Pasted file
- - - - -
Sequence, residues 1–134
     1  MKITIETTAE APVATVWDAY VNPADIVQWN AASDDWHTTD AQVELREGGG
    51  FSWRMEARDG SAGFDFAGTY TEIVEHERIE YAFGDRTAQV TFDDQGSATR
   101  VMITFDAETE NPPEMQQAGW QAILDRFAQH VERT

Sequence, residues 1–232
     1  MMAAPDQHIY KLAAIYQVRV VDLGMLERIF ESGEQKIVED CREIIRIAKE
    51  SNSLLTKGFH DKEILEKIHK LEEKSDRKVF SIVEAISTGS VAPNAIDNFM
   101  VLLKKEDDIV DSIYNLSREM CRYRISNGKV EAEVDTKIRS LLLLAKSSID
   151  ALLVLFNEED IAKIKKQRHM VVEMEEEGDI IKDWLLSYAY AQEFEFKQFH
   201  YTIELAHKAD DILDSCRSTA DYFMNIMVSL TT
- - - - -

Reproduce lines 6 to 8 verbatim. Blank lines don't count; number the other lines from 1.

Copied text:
     1  MMAAPDQHIY KLAAIYQVRV VDLGMLERIF ESGEQKIVED CREIIRIAKE
    51  SNSLLTKGFH DKEILEKIHK LEEKSDRKVF SIVEAISTGS VAPNAIDNFM
   101  VLLKKEDDIV DSIYNLSREM CRYRISNGKV EAEVDTKIRS LLLLAKSSID